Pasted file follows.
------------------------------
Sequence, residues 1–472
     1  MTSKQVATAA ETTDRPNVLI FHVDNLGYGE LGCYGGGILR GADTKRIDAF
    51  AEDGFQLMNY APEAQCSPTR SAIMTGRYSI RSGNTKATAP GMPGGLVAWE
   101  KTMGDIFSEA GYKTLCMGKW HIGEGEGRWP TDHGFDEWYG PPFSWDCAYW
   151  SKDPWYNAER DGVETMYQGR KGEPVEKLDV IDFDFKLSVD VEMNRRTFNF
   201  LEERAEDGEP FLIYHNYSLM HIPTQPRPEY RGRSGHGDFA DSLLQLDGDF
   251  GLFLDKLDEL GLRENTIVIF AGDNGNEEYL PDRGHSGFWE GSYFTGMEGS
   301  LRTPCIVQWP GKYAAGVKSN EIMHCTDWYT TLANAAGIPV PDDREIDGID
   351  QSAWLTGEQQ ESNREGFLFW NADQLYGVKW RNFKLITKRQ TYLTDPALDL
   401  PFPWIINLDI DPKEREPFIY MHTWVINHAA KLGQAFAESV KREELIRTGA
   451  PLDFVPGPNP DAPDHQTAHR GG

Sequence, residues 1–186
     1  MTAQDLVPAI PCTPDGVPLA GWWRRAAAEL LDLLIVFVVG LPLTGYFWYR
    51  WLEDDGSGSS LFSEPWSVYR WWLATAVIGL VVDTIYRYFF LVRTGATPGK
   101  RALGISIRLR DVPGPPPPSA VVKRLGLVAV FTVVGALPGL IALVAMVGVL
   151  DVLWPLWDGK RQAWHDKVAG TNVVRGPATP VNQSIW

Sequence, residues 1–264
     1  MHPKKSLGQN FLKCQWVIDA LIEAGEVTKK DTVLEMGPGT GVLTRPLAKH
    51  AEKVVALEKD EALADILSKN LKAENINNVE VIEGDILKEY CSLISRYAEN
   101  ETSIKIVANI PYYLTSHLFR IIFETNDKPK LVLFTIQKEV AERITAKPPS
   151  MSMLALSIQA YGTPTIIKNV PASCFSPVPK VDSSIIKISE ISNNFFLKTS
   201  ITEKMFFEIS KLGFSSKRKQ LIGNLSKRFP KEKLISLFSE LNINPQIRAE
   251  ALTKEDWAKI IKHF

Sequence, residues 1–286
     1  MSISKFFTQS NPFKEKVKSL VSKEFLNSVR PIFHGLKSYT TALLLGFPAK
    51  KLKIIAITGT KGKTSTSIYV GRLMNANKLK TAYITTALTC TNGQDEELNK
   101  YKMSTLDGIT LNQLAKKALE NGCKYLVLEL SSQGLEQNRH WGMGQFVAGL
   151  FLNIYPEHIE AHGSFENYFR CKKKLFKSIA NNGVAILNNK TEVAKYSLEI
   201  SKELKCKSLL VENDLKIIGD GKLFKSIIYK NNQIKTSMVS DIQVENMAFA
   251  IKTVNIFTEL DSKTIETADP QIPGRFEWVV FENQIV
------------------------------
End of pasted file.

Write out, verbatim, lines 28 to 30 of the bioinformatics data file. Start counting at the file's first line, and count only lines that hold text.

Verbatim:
   151  FLNIYPEHIE AHGSFENYFR CKKKLFKSIA NNGVAILNNK TEVAKYSLEI
   201  SKELKCKSLL VENDLKIIGD GKLFKSIIYK NNQIKTSMVS DIQVENMAFA
   251  IKTVNIFTEL DSKTIETADP QIPGRFEWVV FENQIV